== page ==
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Fernway forever: Dozens of businesses donate to teachers affected by fire

Posted: 5:53 PM, Aug 09, 2018
Updated: 2018-08-09 21:53:28Z

As part of an event spearheaded by the daughter of a longtime teacher, more than 60 businesses donated their wares and services to help boost the morale of educators and staff of Fernway Elementary, the Shaker Heights school that was badly damaged in a massive fire last month.

Since the fire on July 11 at the nearly century-old elementary school, there has been an outpouring of support for the teachers and 300 students at Fernway Elementary. The giveback event on Thursday at Horseshoe Lake Park was no different. Table upon table of food, gifts, books, and puzzles were donated by area businesses that spanned more than a dozen cities.

“It started as a small idea, and it snowballed due to the generosity of the community,” said Catherine Calabrese, the organizer of the event. “People were thanking me, which I thought was funny. I [told them], ‘Thank you for your generosity. I’m just asking.’”

Calabrese, like many others, said she felt helpless and sick to her stomach when a fire ripped through the roof and attic of Fernway Elementary. Firefighters from several different agencies responded to the blaze, which took several hours to get under control. After the smoke cleared, it was easy to see the roof had collapsed entirely, and much of the second and first floors suffered extensive water and smoke damage. The school district is working with insurance adjusters to determine if the building can and should be saved.

Many of the school’s teachers had invested untold amounts of money and time into making their classrooms great places to learn. Much of that was lost or, at the very least, badly damaged in the blaze. Calabrese, the daughter of longtime Fernway teacher Andree Hassell, immediately began calling local businesses to see if they would be willing to help support the teachers. The response, Calabrese said, was overwhelming.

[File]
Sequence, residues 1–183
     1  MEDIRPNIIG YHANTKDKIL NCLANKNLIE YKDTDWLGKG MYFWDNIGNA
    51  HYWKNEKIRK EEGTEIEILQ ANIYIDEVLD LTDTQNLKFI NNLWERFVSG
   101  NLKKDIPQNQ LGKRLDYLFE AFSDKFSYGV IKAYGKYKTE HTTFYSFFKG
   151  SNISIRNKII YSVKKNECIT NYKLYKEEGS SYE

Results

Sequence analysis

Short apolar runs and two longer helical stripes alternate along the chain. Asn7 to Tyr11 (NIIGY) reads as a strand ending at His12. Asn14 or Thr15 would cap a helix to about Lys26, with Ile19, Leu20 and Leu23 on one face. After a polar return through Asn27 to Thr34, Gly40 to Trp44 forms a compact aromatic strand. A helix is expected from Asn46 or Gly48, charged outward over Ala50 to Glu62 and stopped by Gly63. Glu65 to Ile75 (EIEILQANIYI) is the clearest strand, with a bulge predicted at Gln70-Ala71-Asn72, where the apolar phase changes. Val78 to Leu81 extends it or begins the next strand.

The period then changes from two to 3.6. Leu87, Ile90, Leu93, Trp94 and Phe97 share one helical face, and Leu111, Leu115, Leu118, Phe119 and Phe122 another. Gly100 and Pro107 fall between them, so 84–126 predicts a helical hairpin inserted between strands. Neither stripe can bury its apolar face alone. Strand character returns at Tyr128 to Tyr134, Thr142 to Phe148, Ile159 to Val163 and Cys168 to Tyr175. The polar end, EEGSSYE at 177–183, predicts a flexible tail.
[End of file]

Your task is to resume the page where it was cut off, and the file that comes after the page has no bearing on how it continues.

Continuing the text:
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“We all have jobs and different things because teachers invested in us. I just can’t say how important teachers are. I know how much time, money and caring goes into the profession,” Calabrese said. “Everyone [said], ‘Yes, what do you need? I can give you this.’ I’m a little flabbergasted by all this. I know they appreciate it.”

One of the businesses that donated food for Thursday’s picnic lunch and raffle was Tommy’s Restaurant in Cleveland Heights. It’s owner, Tom Fellow, can certainly sympathize with what the teachers are experiencing.

“We know how important schools are and teachers are. I can just imagine what it’s like. I’ve been through a couple of fires in my business career. It’s no fun watching those fires burn everything you worked for,” Fellow said. “That’s what [Cleveland Heights and Shaker Heights] are like. It’s a call to arms. Whenever someone needs something, we’re all here. Everyone participates. That’s what’s great.”

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Hassell, who has been teaching for more than two decades, said her fellow teachers and staff members are extremely grateful for the community’s support. Despite the damage caused by the fire, she said there’s a tremendous amount of optimism as to what the future holds for Fernway and the surrounding neighborhood.

“The community has been totally amazing. I can’t think of a better word,” Hassell said. “People are very kind, and they go out of their way to help us. The staff is like that. The community we live in is like that. We’re very fortunate. Fernway will eventually be Fernway again.”